How is this really any different than Debian-based distros (or really other distro families)? Debian and its derivatives do many things in "the Debian way" (e.g. don't edit grub's menu.lst, edit the comments and run update-grub). I prefer the Debian way because I'm used to it, but that's not a flaw of distros that don't work the same. And as far as RPMs go, I don't really like the format, but dependency problems really aren't that big of a deal any more now that RHEL/Fedora use yum for dependency resolution and there's a proliferation of external repositories. You only really run into dependency problems when you go off the beaten path and try to grab random rpms directly and install them. Now, that said, yum is slow and a memory hog and it's fragile, so that's terrible and I still prefer apt, but it does alleviate the dependency problems.notfred wrote:My problem with the RedHat stuff is it seems to do a lot of things in specialised RedHat ways - e.g. "run this config tool"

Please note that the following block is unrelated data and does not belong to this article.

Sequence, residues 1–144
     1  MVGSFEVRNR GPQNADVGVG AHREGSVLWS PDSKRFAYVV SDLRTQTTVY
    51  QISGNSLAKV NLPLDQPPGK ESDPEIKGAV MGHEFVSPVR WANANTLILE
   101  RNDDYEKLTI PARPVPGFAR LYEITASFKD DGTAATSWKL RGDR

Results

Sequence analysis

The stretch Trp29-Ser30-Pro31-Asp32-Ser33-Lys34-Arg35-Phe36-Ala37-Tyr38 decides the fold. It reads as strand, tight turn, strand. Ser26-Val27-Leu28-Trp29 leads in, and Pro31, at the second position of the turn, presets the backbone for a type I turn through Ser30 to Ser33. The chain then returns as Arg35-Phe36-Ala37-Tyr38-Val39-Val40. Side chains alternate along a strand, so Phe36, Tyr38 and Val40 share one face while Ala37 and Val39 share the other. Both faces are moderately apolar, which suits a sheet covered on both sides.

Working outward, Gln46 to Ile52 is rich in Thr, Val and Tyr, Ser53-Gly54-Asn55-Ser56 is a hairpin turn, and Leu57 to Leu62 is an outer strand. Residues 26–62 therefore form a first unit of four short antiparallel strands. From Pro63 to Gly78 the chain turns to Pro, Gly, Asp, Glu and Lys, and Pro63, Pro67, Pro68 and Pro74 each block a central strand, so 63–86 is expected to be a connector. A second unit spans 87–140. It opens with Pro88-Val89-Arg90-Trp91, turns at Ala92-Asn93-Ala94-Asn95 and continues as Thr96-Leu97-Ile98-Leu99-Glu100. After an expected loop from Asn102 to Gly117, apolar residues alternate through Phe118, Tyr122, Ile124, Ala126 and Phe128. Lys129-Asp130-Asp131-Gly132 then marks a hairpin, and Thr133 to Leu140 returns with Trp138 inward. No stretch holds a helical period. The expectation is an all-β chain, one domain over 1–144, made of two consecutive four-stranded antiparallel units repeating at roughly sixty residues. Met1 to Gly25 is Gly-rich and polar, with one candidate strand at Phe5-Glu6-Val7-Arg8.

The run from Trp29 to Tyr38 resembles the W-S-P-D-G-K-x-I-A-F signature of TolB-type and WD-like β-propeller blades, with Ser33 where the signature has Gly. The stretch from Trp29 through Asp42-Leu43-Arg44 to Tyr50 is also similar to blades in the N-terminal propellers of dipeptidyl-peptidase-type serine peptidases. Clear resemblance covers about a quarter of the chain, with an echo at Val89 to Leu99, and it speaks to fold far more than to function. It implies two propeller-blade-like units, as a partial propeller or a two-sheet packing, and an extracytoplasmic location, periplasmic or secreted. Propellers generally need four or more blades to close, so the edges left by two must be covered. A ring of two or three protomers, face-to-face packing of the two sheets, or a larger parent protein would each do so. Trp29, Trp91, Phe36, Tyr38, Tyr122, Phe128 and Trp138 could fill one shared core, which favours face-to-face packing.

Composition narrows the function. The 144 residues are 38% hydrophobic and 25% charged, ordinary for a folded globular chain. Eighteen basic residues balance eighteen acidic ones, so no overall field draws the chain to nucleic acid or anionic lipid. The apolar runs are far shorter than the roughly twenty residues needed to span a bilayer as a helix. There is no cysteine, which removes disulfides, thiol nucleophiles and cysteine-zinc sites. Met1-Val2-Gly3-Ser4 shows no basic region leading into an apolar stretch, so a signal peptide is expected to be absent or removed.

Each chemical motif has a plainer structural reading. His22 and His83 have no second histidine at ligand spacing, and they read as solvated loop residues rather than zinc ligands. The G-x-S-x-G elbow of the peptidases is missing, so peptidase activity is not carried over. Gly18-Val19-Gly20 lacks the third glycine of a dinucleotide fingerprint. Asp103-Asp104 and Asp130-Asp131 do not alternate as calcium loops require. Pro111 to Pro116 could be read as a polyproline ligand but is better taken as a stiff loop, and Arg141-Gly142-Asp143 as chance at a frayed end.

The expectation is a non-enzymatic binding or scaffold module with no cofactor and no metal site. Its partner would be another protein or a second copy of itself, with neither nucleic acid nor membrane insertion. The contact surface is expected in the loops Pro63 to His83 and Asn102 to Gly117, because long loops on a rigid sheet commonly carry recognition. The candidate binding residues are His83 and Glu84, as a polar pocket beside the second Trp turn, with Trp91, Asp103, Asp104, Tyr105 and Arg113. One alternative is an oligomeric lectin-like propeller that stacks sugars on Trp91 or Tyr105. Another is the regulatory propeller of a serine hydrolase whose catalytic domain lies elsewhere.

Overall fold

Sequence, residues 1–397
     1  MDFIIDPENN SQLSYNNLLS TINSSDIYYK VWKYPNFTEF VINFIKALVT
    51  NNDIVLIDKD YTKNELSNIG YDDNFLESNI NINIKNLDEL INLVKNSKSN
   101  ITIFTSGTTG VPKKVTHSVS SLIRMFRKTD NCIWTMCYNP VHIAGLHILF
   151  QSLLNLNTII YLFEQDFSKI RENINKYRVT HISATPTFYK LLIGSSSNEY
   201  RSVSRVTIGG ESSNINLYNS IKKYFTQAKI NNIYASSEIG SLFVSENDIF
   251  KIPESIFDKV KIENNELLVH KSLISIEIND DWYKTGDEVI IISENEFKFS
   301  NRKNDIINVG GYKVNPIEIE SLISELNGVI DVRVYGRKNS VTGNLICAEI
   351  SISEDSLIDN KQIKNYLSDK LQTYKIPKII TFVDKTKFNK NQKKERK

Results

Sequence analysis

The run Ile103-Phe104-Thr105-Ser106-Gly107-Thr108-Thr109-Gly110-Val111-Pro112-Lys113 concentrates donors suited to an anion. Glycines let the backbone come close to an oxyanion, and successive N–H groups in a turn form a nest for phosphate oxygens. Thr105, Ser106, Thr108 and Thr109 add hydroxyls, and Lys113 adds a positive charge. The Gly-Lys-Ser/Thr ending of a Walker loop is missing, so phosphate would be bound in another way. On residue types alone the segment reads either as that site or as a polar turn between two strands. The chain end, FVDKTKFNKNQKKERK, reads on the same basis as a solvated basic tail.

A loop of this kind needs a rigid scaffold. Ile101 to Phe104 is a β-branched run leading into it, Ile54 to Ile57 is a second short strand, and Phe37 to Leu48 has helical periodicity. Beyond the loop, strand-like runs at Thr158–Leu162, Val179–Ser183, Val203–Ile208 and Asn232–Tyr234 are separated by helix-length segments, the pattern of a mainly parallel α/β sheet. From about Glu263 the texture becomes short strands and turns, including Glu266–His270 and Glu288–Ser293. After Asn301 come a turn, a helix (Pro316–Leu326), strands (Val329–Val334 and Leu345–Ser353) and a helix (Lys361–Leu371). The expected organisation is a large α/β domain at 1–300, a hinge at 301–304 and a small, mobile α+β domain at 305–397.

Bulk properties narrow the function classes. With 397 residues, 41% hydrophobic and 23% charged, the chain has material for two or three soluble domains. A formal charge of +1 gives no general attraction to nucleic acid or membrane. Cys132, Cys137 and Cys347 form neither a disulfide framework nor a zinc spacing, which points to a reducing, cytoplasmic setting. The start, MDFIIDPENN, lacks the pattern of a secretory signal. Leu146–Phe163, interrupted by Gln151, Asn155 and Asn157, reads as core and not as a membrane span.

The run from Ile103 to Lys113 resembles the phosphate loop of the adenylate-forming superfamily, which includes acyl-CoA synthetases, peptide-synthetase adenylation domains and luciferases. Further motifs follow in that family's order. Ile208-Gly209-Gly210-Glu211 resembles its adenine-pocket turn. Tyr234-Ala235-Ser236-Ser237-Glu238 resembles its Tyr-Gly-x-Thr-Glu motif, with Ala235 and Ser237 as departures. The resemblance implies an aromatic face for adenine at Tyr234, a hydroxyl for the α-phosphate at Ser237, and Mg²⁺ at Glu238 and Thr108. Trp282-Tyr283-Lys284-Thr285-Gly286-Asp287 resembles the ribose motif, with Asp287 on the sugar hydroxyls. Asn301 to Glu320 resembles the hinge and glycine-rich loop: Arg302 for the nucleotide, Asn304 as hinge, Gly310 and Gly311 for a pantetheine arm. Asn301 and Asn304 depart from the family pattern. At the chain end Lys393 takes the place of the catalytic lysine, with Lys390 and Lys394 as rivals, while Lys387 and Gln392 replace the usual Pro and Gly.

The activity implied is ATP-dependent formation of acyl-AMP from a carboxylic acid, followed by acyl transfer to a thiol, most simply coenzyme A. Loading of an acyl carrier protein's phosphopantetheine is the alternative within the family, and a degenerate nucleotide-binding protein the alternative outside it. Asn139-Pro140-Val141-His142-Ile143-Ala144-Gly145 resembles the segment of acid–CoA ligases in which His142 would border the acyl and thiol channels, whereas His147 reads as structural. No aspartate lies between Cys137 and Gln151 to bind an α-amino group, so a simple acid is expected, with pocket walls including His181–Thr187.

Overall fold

I wouldn't play up this issue too much. I still recommend Ubuntu above the others, but not because of that angle. You may have had a great experience, and it "just works" for some people, but most people have some number of issues with Ubuntu and sometimes when they switch, they are just trading one issue for another. Our LUG probably does 40-50 Ubuntu installs a year and the fraction of them that "just work" isn't very high (when "just work" is to the level of expectation of the users). Subjectively I can't say it's higher than Fedora, because we don't do a large enough number of Fedora installs to have a decent sample.lex-ington wrote:I still consider myself a beginner, but made the switch from Fedora to Ubuntu because everything should "just work". Why shouldn't it work?
Edit: I should probably clarify that about 3/4 of the installs we do at LUG are on laptops. I'd expect the rate of installs that "just work" out of the box without fiddling would be higher if we had more desktops.